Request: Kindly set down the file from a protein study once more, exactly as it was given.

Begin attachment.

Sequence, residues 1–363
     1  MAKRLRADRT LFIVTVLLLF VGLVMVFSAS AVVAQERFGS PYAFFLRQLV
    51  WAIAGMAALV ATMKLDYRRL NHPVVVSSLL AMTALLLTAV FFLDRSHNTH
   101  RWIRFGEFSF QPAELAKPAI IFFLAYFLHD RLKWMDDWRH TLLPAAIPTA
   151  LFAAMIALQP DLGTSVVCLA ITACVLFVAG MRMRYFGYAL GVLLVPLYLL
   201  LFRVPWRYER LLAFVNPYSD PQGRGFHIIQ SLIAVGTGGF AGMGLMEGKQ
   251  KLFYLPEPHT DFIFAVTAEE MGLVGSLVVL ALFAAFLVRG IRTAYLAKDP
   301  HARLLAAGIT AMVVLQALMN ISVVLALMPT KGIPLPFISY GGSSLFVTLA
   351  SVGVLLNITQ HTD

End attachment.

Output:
Sequence, residues 1–363
     1  MAKRLRADRT LFIVTVLLLF VGLVMVFSAS AVVAQERFGS PYAFFLRQLV
    51  WAIAGMAALV ATMKLDYRRL NHPVVVSSLL AMTALLLTAV FFLDRSHNTH
   101  RWIRFGEFSF QPAELAKPAI IFFLAYFLHD RLKWMDDWRH TLLPAAIPTA
   151  LFAAMIALQP DLGTSVVCLA ITACVLFVAG MRMRYFGYAL GVLLVPLYLL
   201  LFRVPWRYER LLAFVNPYSD PQGRGFHIIQ SLIAVGTGGF AGMGLMEGKQ
   251  KLFYLPEPHT DFIFAVTAEE MGLVGSLVVL ALFAAFLVRG IRTAYLAKDP
   301  HARLLAAGIT AMVVLQALMN ISVVLALMPT KGIPLPFISY GGSSLFVTLA
   351  SVGVLLNITQ HTD